The objective of this research is to develop a practical resource for public transportation agencies, planning organizations, and their partnering organizations to (1) improve the travel experience of women and all travelers, (2) foster gender-inclusive decision-making, and (3) increase the use of fixed-route transit services, microtransit, on-demand services, and non-motorized travel connections. The resource should address more inclusive decision-making for all aspects of public transportation planning, operations, and capital investments.  

The resource should present best practices and approaches to: 

  • Examine conventional and historic travel and public transportation data collection and planning methods and how they can be more gender-inclusive and equitable.
  • Address the complete public transportation journey of women (i.e., travel on various modes and access to and from transit services) in particular the special circumstances that distinguish travel needs of women (e.g., mobility of care, pregnancy, and disability).  
  • Identify and assess  policies and practices that can be adopted at federal, state, local, and public transportation agency-levels to better serve the travel needs of women.
  • Leverage and disaggregate available data, gathered through research and prior planning initiatives, to address the travel needs of women from different demographic groups and different travel patterns. 
  • Identify data (including specific characteristics and attributes of the data) that should be gathered in the future that support gender-inclusive decision-making and address the travel needs of women.
  • Present methods to collect, evaluate and examine data, develop metrics, and measure outcomes consistent with this project’s objectives.
  • Provide gender-inclusive communications assets for use by public transportation agencies, including a self-assessment tool and examples of public-facing assets.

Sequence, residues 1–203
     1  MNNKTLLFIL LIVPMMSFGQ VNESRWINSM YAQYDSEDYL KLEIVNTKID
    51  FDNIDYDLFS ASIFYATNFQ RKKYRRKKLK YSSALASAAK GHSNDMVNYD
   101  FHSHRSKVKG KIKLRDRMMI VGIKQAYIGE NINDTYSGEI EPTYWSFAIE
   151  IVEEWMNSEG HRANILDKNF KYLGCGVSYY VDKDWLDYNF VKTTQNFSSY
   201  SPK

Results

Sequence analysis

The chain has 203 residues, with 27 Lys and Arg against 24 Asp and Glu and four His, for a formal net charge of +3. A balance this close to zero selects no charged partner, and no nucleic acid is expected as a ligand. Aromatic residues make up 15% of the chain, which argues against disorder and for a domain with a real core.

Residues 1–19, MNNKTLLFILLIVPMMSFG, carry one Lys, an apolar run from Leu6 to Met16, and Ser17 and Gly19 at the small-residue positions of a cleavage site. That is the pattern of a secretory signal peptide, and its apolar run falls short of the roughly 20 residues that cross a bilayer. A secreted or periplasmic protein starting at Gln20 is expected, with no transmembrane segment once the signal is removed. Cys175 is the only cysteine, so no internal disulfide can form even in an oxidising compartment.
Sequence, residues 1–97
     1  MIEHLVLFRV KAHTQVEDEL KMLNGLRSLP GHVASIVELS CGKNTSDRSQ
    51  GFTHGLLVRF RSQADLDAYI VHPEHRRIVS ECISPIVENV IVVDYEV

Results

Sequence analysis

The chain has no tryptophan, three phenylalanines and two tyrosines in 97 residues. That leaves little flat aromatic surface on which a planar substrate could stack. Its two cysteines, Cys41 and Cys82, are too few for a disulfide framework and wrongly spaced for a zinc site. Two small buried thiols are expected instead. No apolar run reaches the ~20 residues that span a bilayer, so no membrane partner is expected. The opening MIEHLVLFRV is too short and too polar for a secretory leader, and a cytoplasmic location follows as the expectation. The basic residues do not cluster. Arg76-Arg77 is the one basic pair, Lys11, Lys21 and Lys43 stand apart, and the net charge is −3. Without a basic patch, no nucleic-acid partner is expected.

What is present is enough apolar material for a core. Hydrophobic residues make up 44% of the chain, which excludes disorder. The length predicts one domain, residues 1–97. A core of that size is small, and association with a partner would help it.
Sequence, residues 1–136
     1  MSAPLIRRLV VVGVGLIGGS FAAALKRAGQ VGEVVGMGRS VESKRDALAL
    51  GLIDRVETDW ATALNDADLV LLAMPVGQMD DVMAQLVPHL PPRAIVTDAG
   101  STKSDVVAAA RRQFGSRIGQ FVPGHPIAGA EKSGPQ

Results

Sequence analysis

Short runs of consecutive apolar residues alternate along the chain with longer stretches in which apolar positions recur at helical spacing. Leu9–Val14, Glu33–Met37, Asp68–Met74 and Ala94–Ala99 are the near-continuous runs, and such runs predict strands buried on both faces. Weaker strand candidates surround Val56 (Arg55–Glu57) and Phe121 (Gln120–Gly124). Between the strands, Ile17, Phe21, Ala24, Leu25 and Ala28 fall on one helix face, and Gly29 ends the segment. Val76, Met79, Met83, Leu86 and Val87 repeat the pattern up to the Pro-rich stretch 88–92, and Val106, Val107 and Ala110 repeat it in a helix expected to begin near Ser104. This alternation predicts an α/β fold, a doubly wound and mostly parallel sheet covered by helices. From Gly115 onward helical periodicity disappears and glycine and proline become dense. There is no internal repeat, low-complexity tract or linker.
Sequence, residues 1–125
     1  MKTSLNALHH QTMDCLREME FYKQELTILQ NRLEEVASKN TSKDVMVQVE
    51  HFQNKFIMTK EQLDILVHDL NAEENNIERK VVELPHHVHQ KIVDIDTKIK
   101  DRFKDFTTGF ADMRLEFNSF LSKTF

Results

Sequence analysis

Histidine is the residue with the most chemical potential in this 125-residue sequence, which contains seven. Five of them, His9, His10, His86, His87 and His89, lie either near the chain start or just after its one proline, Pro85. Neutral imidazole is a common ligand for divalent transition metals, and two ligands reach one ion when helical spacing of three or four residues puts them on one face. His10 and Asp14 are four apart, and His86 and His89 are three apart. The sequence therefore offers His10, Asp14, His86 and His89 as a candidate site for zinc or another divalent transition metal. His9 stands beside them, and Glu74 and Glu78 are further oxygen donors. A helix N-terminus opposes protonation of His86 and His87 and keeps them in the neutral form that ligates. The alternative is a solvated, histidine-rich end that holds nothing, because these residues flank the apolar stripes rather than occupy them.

• Use language, consistent with the research objectives, throughout the final deliverable(s). 


The research plan will describe appropriate deliverables that include, but are not limited to, the following (which also represent key project milestones):

  1. An amplified research plan that responds to comments provided by the project panel at the contractor selection meeting.
  2. An interim report and panel meeting. The interim report should include the analyses and results of completed tasks, an update of the remaining tasks, and a detailed outline of the final research product(s). The panel meeting will take place after the panel review of the interim report. The interim report and panel meeting should occur after the expenditure of no more than 40 percent of the project budget.
  3. Final deliverables that present the entire research product that will be useful to a practitioners and stakeholders with an executive summary, visualization tools, and public-facing educational and outreach materials.
  4. A technical memorandum titled “Implementation of Research Findings and Products”.
  5. A webinar that presents the research findings and conclusions.


STATUS: Proposals have been received in response to the RFP.  The project panel will meet to select a contractor to perform the work.